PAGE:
Comparisons of the disaster of 9/11 to Pearl Harbor break down in the aftermath. What I remember is getting a phone call from my wife to turn on the news, any news, and then seeing the images on CNN. I then called several people, including some on the west coast, early as it was.
It was a binding experience.
Then the silence of the skies for next few days. All planes grounded. We don’t pay attention to all that background noise until it disappears.
And I remember wanting to strike back.
But at who?
I am not a reflex pacifist. I do not believe in turning the other cheek as an automatic gesture. The world, in the aggregate, does not yield to such gestures until much blood is spent, and disgust comes to the aid of the peaceful intent. Strike at me, hurt my family and friends, threaten my home, I have no compunction about the use of violence.
But not thoughtless lashing out, flailing, blind retaliation. That does less good than the habitual use of peaceful surrender. If we were to find these people, we needed to be smart about it, and move carefully. When caught, punishment must be determined accordingly.
That was not to be. I watched our so-called leaders turn this event into a justification for major abuse globally. The sympathy we had from the entire world evaporated as the United States began stomping around acting like a pissed off child whose lunch money had been taken by a bully. But we were not small and weak, so embracing the automatic response of schoolyard tactics resulted in calamity. I was horrified by the unfolding nightmare of the Bush years, all done supposedly in my name as a citizen.
The aftermath of Pearl Harbor was horrible but not cause for self-loathing and shame. We rose to an occasion that demanded sacrifice and we came to the aid of a world gone mad. The enemy was clear, the stakes enormous, the calculations easy enough. Ugly as WWII was, our response was as close to noble as war can bestow, and we have carried ourselves with pride born out of that period for going on 70 years now.
Not so after 9/11.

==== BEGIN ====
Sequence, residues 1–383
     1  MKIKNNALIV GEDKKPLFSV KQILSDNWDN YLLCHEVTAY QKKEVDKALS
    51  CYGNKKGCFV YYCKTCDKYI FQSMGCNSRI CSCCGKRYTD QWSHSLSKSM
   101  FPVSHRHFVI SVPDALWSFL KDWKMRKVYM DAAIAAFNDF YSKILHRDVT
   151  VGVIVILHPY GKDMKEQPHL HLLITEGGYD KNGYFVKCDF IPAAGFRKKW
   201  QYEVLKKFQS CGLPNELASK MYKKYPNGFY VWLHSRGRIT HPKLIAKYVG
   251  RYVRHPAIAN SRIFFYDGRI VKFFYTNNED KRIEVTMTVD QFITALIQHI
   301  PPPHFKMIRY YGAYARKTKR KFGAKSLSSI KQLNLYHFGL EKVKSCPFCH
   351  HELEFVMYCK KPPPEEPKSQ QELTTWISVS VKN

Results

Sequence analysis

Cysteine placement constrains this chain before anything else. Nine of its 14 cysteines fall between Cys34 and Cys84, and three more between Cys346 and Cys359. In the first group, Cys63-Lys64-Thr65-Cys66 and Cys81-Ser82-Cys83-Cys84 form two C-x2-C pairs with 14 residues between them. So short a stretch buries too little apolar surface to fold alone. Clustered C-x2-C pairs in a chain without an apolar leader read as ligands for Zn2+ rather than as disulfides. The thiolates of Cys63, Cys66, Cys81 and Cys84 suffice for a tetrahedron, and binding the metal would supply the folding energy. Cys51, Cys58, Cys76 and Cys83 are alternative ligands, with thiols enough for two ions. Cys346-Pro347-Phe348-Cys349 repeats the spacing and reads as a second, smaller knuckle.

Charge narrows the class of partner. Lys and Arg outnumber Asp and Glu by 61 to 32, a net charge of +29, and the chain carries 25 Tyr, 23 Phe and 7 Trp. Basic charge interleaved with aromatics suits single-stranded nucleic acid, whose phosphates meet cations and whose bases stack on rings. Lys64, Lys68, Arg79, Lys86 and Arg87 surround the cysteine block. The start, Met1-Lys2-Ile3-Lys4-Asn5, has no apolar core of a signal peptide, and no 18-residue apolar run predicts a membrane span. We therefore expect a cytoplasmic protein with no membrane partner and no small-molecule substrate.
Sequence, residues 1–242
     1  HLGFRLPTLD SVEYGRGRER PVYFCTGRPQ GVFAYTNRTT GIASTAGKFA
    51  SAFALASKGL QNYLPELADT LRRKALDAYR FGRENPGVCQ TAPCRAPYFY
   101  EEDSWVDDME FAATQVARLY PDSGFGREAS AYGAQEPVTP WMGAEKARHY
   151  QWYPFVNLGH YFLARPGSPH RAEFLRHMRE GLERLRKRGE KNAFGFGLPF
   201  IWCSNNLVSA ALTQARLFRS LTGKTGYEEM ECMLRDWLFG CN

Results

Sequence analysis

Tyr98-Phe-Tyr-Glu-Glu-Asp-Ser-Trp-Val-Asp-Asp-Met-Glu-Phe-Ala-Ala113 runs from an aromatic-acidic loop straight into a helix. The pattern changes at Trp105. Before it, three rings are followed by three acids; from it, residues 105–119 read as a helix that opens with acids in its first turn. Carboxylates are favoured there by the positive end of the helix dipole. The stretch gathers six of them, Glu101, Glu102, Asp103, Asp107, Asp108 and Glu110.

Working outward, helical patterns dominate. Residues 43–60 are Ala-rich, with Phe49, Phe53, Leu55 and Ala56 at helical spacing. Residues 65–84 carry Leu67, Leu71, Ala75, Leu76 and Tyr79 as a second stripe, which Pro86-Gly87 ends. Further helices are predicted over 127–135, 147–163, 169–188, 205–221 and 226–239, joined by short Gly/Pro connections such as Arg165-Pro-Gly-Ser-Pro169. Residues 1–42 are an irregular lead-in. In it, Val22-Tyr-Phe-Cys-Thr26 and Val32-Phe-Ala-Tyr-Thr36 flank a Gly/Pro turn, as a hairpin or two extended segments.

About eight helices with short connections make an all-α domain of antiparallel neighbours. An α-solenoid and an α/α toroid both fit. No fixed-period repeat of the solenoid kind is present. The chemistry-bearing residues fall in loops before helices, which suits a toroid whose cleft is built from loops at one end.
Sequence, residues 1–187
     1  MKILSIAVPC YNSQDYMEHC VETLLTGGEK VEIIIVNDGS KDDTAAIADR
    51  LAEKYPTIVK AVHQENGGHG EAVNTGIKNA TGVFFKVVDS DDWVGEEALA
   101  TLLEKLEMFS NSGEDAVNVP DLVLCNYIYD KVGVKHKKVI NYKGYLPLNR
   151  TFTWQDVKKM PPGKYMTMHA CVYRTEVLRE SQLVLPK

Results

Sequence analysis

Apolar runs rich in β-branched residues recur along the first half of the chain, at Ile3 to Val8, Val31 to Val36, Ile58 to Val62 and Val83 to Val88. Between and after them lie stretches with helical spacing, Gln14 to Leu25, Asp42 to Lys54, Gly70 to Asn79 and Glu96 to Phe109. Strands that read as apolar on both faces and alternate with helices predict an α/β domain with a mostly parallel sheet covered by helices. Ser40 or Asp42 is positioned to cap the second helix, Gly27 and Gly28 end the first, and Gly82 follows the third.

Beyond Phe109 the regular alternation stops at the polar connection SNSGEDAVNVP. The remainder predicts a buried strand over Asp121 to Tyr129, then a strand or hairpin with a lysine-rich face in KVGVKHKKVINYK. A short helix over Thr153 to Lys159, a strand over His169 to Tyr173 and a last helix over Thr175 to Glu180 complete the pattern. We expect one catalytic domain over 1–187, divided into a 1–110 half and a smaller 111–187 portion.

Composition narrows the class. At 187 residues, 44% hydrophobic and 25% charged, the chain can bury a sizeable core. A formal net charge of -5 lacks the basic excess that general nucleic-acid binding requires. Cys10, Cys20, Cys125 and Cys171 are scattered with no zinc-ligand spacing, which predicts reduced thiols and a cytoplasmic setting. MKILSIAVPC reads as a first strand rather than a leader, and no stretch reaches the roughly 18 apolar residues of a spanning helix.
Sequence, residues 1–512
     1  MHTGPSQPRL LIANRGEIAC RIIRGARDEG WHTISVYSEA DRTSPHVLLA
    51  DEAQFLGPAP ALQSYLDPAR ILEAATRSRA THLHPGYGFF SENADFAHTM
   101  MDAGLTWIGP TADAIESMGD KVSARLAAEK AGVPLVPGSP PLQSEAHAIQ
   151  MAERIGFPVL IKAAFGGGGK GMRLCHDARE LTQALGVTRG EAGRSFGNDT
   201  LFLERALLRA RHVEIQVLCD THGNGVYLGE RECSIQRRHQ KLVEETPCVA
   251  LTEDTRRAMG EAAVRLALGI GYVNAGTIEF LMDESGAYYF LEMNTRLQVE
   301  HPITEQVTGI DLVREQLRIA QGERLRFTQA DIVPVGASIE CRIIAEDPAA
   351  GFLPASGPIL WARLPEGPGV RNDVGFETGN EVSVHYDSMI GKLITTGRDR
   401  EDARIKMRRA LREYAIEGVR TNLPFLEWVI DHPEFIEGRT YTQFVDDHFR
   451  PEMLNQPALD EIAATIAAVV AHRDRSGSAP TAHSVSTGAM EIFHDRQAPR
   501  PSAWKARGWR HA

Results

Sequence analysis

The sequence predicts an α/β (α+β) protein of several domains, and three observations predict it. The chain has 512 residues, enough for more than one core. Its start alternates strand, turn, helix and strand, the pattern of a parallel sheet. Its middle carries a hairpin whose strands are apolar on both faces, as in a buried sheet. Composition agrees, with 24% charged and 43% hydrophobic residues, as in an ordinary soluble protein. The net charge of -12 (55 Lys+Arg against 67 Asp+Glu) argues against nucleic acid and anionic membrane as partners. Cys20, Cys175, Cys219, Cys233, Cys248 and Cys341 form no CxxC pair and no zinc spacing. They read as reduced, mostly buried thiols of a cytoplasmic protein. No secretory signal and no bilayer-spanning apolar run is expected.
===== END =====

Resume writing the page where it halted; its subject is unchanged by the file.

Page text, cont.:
We were struck in 1941 by a nation that officially declared war upon us. We knew who they were, what they stood for, and where to find them. It was a conflict of clear adversaries fighting as nations.
The 9/11 aggressors were a band of people more like the mafia, with no nation, no formal declaration of war, and no clear face. We had a few names, a few associations. We didn’t know how to deal with this, so we pretended it was just like any other war, shoved the awkward details into the box called War, and attacked as if nations could be blamed.
After WWII we could expect and received formal surrenders from nations authorized to sign such instruments. Rebuilding began, and it could be argued that THAT was the real victory.
Who will sign a surrender in this conflict? Who can? What would it look like? And how do you rebuild something these very same enemies keep knocking down and by so doing make us knock them down as well, along with all the innocent people who just get in the way?
There was a time hatred could not act on its own in such a vast theater—it required nations to enable it and give it reach. That’s changed.
It seems to me we need to start figuring out how to rid ourselves of hate. We can’t do that if we keep hurting the very people we need to help.
Our job has been made infinitely harder because of the schoolyard bully mentality of the administration that dragged us into this fray in the aftermath of national tragedy. We may never regain the credibility needed to address the real issues. That is the loss I continue to mourn on this day.
The dead cannot be blamed for the acts of the living, and revenge is a cold legacy for the sacrifice of the honorable.